When a supplier goes out of business the advice from Ofgem, according to their website, is:
“…take a photo of your meter reading then sit tight and wait to be contacted by the new supplier we appoint.”
Scammers love to operate in that great zone of uncertainty when a customer is waiting for news and ready to act as soon as contact as made with them, whether it is the appointed supplier or an opportunist scammer.
If you do receive any suspicious calls, emails or texts, check the Ofgem website for the truth against what you heard. They are appointing new suppliers to take over from failed suppliers all the time and are keeping this list, and their advice, up to date.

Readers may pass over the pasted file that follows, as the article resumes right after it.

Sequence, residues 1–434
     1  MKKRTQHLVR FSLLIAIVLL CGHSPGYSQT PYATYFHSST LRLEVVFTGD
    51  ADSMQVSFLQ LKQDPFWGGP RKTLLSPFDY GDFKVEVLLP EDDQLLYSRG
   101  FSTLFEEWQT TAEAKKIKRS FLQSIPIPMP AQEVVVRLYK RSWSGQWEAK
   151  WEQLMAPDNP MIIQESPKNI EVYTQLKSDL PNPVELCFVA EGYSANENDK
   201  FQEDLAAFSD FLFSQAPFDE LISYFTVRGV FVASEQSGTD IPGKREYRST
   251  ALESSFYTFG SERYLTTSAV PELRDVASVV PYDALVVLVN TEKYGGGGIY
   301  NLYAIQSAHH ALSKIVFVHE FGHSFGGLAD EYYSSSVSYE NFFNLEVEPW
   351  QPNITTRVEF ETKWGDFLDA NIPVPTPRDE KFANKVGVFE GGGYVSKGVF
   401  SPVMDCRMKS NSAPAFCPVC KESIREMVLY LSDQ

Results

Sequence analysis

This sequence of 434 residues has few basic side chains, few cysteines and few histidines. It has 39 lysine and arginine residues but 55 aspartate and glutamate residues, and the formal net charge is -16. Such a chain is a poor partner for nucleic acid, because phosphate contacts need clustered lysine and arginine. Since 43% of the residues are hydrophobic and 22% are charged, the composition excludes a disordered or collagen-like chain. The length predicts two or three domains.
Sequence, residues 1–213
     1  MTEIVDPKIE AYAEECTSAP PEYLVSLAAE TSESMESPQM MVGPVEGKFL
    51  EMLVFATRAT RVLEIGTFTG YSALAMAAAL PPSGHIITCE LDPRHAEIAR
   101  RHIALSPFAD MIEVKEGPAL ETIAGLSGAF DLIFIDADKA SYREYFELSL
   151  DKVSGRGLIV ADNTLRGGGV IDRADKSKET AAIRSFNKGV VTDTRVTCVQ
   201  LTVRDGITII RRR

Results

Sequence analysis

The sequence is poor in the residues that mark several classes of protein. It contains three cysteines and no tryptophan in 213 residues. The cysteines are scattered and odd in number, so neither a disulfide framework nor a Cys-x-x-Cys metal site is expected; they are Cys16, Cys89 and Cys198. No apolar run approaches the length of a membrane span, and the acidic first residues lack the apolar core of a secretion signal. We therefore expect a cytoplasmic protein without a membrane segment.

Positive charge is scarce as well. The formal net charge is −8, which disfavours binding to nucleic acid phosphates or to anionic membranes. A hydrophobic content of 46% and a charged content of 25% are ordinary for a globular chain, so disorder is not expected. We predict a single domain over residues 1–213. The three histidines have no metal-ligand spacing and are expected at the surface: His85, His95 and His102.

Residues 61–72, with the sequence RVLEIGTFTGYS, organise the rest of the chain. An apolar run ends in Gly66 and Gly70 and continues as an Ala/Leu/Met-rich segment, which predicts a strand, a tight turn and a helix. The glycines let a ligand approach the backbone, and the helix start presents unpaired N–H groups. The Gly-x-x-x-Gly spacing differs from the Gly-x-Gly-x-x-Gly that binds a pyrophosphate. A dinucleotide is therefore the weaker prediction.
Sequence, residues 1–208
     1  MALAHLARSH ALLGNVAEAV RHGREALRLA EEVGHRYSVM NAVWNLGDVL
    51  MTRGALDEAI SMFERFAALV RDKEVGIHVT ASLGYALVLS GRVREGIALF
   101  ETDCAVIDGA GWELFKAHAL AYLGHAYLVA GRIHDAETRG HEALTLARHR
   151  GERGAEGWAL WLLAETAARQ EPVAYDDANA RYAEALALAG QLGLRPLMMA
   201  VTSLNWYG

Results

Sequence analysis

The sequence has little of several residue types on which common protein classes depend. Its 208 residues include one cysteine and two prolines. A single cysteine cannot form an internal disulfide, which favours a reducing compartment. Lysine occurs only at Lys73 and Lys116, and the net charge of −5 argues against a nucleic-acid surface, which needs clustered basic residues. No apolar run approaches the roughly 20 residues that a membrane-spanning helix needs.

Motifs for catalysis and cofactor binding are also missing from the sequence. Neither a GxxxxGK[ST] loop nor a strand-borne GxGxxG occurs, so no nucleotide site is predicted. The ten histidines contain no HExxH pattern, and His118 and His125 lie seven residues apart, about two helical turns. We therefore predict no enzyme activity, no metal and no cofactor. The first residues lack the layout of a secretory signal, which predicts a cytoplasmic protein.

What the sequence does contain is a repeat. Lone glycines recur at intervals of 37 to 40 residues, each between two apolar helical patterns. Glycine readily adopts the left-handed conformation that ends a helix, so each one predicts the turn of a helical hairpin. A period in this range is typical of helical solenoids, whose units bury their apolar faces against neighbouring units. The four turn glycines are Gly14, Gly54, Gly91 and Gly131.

Trading Standards officials say these massive changes (in the energy sector) have created a window of opportunity for scammers to trick unsuspecting customers into handing over their bank details. Fraudsters have already been attempting to cold call households pretending to be well known energy suppliers, expertly using the latest headlines to give themselves credibility. The scammers attempt to convince consumers that they are the new supplier and ask for their bank details.
Another real-world energy related scam sees face-to-face ‘salespeople’ knocking on doors and pretending they are there to help customers switch providers.
If you are targeted by these types of scams, do not respond to cold calls ‘in the moment’. Never give out personal or bank details over the phone and never click on links in emails. With so many things changing fast you should always feel confident enough to say ‘I need to check a few things first and won’t be making a decision right away’.